The protracted electoral process has now entered its final phase, requiring a separate Elections Complaints Commission to rule on allegations of fraud, aside from the UN sponsored audit. After completing its task, Elections Complaints Commission would send the result to the Independent Elections Commission to be declared official and released to the public. No firm date for making final results public has been announced. Abdullah is also insisting that the final election results, due within days, be delayed until a deal on a unity government is agreed. However, election officials have said they will announce them whether or not there is a deal. The Abdullah camp could walk out of negotiations if the results are released without its consent—frustration arising out of losing presidential elections for the second time in a row has made Abdullah a wild card; and ironically, only he holds the key to smooth political transition.

Secretary of State John Kerry has made a personal effort to settle the issue by convincing the contenders to form a national unity government. Reportedly there are “a couple of substantial remaining issues” with regard to the power sharing agreement. Among the other unresolved issues, there are sticking points as to how many government positions each side can appoint and whether the new chief executive can call and chair cabinet meetings. Details of how much power the chief executive would wield have been a major obstacle in finalising the deal.

It will be a catastrophe for Afghanistan, if the deal does not come about, or falls apart at the implementation stage. “We are able to work together pragmatically,” Ghani said. Two sides have agreed on a formula for a new government position of “chief executive officer, who will be responsible for implementing policies and will chair council of ministers. The CEO — presumably Dr Abdullah or his nominee— would report to the president and his cabinet; and would also be engaged as a participant in decision making process. That certainly sounds like a viable power-sharing formula. Given the high stakes, the two men ought to find a way to resolve the outstanding details at the earliest.

Afghanistan’s President Karzai has recently said that the United States needed to work with other countries that also had an interest in the vote’s outcome to help push through the deal. “Afghanistan must not be a ground for competition between countries ... It is therefore important that the US should seek an environment of common understanding with other countries,” he said. His spokesman Aimal Faizi said that President wanted the US to engage regional powers including neighbouring Iran.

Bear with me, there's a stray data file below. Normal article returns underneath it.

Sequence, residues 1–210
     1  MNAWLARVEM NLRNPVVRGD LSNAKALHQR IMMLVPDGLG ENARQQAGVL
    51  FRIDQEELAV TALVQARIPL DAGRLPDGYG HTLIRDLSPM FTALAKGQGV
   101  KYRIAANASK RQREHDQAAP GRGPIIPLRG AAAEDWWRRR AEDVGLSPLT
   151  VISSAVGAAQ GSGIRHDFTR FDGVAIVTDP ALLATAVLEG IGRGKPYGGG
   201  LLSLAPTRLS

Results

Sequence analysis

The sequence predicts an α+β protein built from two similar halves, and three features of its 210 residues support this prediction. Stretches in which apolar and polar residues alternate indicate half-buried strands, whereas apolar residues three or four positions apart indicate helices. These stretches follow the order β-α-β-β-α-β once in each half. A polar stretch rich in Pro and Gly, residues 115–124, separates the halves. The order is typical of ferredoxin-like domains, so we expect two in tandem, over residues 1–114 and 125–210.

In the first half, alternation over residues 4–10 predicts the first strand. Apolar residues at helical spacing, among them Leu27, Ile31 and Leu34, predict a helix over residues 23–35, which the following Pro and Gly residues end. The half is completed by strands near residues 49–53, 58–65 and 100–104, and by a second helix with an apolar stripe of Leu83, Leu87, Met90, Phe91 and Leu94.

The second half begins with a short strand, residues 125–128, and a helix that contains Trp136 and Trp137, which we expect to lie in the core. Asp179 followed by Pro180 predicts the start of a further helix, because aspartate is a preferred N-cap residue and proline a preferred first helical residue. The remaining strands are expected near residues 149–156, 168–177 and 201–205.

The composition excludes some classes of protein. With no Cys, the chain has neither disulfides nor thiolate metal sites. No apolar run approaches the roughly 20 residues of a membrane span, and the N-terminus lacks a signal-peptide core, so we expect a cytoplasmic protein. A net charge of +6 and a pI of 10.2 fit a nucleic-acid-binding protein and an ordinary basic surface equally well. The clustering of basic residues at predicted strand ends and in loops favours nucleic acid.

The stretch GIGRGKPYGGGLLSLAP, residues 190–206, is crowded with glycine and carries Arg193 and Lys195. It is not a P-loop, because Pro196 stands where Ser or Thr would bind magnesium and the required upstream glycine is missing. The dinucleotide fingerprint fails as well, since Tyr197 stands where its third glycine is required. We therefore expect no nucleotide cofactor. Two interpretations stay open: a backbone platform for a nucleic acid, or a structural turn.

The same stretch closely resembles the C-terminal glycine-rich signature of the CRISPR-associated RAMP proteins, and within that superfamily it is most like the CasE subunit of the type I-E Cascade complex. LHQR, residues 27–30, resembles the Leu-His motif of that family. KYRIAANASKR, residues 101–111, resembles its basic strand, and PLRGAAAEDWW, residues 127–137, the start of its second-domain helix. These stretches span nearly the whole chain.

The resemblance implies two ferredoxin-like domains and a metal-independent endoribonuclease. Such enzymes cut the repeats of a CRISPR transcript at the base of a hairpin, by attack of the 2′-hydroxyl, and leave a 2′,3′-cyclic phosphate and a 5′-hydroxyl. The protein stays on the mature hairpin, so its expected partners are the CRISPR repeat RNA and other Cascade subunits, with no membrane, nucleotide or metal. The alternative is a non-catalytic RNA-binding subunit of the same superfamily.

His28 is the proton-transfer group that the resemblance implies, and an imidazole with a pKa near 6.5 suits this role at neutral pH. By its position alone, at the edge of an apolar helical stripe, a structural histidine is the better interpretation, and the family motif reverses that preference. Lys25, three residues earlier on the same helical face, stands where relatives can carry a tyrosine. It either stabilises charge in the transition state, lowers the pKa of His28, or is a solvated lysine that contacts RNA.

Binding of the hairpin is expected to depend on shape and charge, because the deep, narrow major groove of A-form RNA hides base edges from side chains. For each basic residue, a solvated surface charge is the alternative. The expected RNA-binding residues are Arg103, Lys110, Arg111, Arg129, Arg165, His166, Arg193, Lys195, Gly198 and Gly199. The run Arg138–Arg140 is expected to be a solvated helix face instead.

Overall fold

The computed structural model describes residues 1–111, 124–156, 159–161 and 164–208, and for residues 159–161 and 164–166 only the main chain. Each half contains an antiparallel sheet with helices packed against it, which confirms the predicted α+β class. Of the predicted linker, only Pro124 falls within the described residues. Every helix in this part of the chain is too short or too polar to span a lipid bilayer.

Both Ashraf and Abdullah have fallen victim to Afghanistan’s ethnic and geographic fault lines. Ashraf is a Pashtun who won strong support in the country’s east and south. Abdullah has the backing of northern Afghanistan’s Tajik and Hazara communities. Abdullah won the first round and he thinks that during the runoff, Ashraf has benefited from massive fraud orchestrated by the Karzai government and that the rigging has not been fully reversed by a United Nations audit.

However, both Presidential contenders have unanimity on strategic matters; for example, both Ashraf and Abdullah support signing the Bilateral Security Agreement with the US and a Status of Forces Agreement with the NATO. These agreements would allow US military trainers and counterterrorism forces to remain in the country after this year. Without such agreements, all foreign troops are likely to be pulled out by the end of this year; and the flow of foreign aid and support would halt. However, at the peoples’ level, there is a strong opposition to these agreements; these are thought to be instruments for perpetuating foreign occupation of Afghanistan

Peace and stability in Pakistan is intricately linked to what happens in Afghanistan. Therefore, during these trying times, Pakistan looks-up to Afghan leadership to demonstrate pragmatism and come out of the on-going political morass and effect a smooth political transition.

The writer is a freelance columnist.